May 18, 2021

coordinators

Pictured from left: Evan Foster, Mitch Longval and Maria Williams.

 

CanStroke Recovery Trials is a platform to test, scale up and fast-track new ideas. Research leaders bring their expertise to advance the field and, at each of the eight sites, coordinators pull the pieces together to get the trials underway. 

What does the job of a CanStroke Recovery Trials coordinator entail? They follow a rigorous approval process for safety and ethics at their sites. They stickhandle subsite and legal agreements. They help identify people to participate in trials (sometimes cold-calling patients to ask them to get involved). Coordinators ensure people get the necessary screening and assessments – bloodwork to measure electrolytes and platelet counts for safety; genetic tests to identify biomarkers; brain scans to characterize the location of the stroke and the size of the lesion; as well as heart monitoring, and cognitive and fitness testing. These days, coordinators also have to screen participants for Covid-19.
 
After the workup, each of the coordinators meet with supervising clinicians to determine an individual’s eligibility for trial participation. Through it all, there is constant communication between the coordinator and the participant. From the participant’s perspective, involvement in CanStroke Recovery Trials means special attention, extended access to post-stroke therapy, and the knowledge that their participation in research will improve recovery for others.
 
Evan Foster is the CanStroke Recovery Trials coordinator at Toronto Rehab/University Health Network. Foster, who is doing a Master’s degree at the University of Toronto in translational research, has been involved in CanStroke since the beginning – and even co-authored a poster for the 2019 Canadian Stroke Congress on the ‘trials and tribulations’ of setting up a clinical trials network in stroke recovery in Canada.
 
These days he is wrapping up the FLOW trial, which tests a combination of exercise and drug therapy to reopen the recovery window after stroke. He is also ramping up TRAIL, which delivers in-home virtual therapy to people with lower-limb impairment. And, he is working on Arm Boot Camp (ABC), a trial that focuses on delivering therapy to stroke-affected arms.
 
Foster says the best part about being a CanStroke Recovery Trials coordinator is building relationships, “being able to help somebody and being able to see their improvement after stroke.” After participating in one trial, many participants take a strong interest in research and subsequently enroll in other trials. The hardest part of the job of a coordinator is telling someone they don’t meet the criteria to take part in a trial.
 
Mitch Longval, CanStroke Recovery coordinator at Lawson Research Institute and St. Joseph’s Health Care in London, says he, too, enjoys “interacting with the participants and hearing about their experiences and how we can help them.” The job’s biggest challenge? “Trying to keep on top of all the moving parts of all the different trials.”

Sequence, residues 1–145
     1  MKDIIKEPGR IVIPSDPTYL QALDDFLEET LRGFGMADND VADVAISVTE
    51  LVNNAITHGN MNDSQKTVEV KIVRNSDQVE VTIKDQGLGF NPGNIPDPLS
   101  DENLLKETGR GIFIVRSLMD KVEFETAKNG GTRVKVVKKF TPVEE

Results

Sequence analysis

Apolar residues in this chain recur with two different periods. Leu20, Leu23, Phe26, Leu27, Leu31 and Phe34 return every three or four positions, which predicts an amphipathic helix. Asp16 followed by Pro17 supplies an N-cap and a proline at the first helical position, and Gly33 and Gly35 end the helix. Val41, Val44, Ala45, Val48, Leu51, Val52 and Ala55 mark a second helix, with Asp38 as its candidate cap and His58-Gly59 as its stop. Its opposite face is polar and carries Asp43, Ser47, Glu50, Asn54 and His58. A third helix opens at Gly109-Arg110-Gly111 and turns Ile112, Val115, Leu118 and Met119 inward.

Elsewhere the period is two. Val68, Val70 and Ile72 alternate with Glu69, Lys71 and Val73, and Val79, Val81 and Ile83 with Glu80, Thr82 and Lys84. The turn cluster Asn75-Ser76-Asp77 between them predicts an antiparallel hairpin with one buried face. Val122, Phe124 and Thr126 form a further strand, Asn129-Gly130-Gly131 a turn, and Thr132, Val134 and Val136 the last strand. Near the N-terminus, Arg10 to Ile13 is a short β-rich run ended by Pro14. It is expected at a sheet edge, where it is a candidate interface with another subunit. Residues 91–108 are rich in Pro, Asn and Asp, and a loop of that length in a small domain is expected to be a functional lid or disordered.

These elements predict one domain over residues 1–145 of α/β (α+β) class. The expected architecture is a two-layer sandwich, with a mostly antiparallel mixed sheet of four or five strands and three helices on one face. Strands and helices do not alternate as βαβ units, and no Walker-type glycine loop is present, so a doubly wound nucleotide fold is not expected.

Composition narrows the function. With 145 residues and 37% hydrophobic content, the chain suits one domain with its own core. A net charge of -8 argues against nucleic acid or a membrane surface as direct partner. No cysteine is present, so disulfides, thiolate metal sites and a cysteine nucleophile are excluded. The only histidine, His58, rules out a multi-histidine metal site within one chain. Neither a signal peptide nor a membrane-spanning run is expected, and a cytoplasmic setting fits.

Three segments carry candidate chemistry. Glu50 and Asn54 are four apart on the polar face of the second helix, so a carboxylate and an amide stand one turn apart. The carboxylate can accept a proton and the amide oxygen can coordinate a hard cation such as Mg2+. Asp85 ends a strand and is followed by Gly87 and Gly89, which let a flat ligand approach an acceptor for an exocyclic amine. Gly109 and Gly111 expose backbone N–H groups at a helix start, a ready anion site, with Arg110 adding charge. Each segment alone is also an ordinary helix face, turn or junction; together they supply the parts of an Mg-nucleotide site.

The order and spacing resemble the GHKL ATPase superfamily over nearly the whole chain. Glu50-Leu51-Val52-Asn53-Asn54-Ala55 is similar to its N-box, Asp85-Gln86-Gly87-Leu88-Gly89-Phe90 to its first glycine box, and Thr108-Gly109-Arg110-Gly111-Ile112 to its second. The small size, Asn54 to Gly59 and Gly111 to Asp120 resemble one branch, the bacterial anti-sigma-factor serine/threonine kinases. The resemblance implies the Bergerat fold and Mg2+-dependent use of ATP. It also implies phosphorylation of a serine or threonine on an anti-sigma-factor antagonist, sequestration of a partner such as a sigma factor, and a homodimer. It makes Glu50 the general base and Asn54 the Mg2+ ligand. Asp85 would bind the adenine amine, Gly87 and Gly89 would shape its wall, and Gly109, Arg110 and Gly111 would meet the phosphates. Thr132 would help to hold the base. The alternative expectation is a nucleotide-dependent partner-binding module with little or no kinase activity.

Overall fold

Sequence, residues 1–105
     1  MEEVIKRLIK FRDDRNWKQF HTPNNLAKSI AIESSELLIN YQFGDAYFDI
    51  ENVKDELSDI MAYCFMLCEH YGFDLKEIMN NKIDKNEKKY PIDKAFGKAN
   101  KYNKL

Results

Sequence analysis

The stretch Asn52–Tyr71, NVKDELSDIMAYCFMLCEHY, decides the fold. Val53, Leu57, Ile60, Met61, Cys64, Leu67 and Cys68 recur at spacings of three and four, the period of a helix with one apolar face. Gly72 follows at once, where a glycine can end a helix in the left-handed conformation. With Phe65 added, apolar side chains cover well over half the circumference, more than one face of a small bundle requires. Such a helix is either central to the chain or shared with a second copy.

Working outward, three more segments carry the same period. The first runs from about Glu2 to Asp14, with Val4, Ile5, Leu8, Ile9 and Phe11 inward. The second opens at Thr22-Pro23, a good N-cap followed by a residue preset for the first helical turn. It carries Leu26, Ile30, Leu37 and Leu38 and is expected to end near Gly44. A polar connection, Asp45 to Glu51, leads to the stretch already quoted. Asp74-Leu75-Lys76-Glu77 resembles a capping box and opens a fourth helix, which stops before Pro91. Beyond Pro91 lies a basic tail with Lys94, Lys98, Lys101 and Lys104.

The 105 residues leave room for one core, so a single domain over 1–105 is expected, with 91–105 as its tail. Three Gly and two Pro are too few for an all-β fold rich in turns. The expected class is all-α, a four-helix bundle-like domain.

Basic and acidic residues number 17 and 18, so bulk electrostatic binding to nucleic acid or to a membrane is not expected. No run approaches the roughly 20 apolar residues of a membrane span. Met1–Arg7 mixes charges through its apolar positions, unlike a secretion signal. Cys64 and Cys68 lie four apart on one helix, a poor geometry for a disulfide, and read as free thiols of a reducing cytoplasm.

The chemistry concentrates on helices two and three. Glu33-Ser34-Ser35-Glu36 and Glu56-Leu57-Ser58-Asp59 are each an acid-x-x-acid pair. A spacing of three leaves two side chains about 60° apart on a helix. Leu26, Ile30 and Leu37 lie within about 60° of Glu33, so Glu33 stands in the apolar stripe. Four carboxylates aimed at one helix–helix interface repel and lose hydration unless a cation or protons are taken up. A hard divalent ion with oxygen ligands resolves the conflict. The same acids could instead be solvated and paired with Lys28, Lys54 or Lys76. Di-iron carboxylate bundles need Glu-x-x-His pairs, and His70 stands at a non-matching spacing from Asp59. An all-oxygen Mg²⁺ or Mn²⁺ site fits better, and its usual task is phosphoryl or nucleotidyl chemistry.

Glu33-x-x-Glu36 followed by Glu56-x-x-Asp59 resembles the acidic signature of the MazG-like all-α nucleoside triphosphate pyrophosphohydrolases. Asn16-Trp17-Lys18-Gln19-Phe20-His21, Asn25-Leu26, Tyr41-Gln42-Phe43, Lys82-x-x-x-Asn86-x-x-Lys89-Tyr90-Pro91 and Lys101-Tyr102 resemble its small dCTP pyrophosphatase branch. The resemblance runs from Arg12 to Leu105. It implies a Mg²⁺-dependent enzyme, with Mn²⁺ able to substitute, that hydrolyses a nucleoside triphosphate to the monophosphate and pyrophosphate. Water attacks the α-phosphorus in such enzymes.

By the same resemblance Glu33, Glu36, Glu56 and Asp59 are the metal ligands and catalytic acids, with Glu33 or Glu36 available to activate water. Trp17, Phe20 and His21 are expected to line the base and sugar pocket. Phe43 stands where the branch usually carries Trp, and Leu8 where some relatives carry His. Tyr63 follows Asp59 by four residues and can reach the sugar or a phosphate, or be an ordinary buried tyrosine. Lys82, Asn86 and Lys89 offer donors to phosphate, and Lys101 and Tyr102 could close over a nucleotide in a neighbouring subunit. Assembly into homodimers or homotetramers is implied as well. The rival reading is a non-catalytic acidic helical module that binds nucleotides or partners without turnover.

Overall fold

He sees a huge value in being part of a trials platform, where he can get support, advice and guidance from other coordinators and site leaders in the network. “The platform has been helpful in so many ways,” Longval says. “You always have help at your fingertips. Being able to run multi-centre studies would be such a huge task without a platform like this.”
 
Maria Williams, a physiotherapist with a research background, is CanStroke Recovery Trials coordinator at LA Miller Centre in St. John’s, NL. She disseminates information about the CanStroke studies, attends rounds on the stroke unit once a week to help identify people who could be candidates for trials, hands out information and answers questions. After developing an initial list of participants, Williams follows up in person or on the phone before starting the consent process and getting paperwork in place.
 
Because she’s a clinician, a typical day might involve doing a baseline assessment of a potential participant, conducting an exercise session with a study participant, dispensing and tracking medication, setting up follow-up sessions, and ordering assessments and bloodwork. “I like the variety. I have a lot of things coming at me every day and I like the challenge,” she says.
 
“People are quite pleased and excited to have CanStroke Recovery Trials available here in Newfoundland,” Williams explains. “I have one gentleman who moved from the other side of the island to participate in a trial.” Like the other coordinators, she feels grateful to be part of a platform that provides so much support to all sites across the country – from answering questions to data management to site monitoring. “You don’t feel like you’re on your own trying to figure things out.”
 
But her favourite part of the job is meeting the participants. “Every single individual and stroke is different.”